Ultimately--what are you looking for in a campaign sourcebook and what attributes about a campaign world make it successful for setting games there and what makes a campaign world one you can easily pitch to players and have them be enthusiastic about it?

Defining differences in the setting which can be used to explore themes, new classes and races (new content when well written is always a plus), and ideas on which to hang plot hooks.

Most of all though? Problems, lots and lots and lots of problems. For a D&D campaign to succeed there need to be things for the PCs to do. Sure, even in the most boring setting you can have the PCs conquer the world but it's a lot more interesting if the world is in a post apocalyptic wasteland with dangerous and unknowable ancient magic floating around while a byzantine empire tries summon creatures from beyond existence to gain supremacy over their neighbors who happen to be constructs which consume the flesh of biological beings you know?

J.Gellert
2009-08-24, 07:55 AM
Do you prefer for a campaign sourcebook to have a very detailed history so you know what's going on in the historical background of that world or do you prefer to have a more basic timeline so the DM can fit whatever he likes into the game history without someone saying "That's not what the book says!"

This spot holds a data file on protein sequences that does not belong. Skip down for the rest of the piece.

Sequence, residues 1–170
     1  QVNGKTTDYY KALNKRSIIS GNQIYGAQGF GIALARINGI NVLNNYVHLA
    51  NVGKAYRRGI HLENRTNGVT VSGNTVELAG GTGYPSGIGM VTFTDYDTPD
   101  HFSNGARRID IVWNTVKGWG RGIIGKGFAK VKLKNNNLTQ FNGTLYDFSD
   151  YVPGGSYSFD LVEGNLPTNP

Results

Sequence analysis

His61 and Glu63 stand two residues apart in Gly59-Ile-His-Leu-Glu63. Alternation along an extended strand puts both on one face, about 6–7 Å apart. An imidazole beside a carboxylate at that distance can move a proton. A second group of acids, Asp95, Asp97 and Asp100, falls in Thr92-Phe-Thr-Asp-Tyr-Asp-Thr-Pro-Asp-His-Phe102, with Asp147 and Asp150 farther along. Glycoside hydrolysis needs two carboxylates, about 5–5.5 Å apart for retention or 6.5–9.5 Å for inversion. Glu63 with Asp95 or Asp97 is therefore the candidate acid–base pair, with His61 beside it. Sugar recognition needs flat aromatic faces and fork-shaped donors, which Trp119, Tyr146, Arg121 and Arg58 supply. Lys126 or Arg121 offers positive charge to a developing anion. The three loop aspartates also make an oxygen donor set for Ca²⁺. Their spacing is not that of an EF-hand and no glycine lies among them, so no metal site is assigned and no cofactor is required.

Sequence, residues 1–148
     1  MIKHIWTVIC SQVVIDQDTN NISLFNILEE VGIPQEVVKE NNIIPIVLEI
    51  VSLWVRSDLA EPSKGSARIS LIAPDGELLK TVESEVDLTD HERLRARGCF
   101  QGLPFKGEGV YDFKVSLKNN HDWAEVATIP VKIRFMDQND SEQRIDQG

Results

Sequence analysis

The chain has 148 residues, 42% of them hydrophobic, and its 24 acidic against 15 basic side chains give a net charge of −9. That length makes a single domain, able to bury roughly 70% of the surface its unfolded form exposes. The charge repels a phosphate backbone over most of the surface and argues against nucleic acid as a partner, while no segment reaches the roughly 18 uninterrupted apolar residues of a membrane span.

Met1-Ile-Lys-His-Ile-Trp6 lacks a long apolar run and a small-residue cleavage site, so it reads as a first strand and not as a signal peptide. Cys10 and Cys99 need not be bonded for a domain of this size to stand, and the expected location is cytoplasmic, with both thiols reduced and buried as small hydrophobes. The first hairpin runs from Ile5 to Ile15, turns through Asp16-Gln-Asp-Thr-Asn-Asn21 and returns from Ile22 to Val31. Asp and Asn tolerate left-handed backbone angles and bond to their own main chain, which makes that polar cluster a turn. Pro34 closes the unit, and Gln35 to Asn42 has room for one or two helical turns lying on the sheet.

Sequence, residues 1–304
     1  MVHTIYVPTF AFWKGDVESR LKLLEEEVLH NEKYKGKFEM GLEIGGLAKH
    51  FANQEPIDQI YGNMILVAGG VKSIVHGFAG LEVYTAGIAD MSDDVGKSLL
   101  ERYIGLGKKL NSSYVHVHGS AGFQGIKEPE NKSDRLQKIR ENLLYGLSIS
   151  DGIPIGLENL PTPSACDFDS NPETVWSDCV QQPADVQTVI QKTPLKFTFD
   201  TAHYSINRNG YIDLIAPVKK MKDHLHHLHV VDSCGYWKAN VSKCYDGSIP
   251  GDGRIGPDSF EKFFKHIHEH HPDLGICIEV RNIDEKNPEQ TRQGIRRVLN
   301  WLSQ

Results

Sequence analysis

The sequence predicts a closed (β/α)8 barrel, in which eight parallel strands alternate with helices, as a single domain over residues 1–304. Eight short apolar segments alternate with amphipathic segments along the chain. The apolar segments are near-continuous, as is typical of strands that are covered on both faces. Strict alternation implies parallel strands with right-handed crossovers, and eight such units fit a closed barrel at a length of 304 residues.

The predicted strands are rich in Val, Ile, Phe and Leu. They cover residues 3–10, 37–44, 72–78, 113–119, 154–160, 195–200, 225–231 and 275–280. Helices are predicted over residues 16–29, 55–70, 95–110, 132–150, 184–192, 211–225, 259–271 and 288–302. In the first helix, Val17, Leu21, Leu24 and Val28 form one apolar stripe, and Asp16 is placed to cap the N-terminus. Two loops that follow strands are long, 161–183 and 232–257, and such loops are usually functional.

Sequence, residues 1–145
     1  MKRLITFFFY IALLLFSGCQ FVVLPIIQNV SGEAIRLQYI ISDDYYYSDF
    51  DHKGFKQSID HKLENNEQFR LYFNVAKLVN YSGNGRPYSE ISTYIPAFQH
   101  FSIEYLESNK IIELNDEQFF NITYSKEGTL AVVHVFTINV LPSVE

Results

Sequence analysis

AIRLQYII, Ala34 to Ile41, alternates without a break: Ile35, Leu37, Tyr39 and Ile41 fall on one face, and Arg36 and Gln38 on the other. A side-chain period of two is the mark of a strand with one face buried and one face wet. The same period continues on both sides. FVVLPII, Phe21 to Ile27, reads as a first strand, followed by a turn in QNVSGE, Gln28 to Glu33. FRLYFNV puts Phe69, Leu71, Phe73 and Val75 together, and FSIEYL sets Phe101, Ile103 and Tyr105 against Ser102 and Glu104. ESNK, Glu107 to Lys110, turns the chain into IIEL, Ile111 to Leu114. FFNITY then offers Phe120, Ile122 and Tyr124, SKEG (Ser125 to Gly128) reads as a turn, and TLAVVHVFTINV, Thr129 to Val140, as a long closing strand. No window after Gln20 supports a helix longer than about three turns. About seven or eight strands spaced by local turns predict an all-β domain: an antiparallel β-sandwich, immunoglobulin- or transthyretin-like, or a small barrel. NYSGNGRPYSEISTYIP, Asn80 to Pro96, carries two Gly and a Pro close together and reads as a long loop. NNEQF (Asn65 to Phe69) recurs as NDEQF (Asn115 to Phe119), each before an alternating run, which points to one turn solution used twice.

I prefer a basic timeline that doesn't restrict me.


Do you prefer for a campaign setting to have a place for all the basic races you're used to or would you prefer a world with all new PC races? How important is it to have humans as a PC race--would you run a game in or play in a campaign setting that had NO humans in it at all? If the race you really liked wasn't part of a setting, would you just add them? ("There aren't any dwarves in Fairybottom Saga!" "There are now.")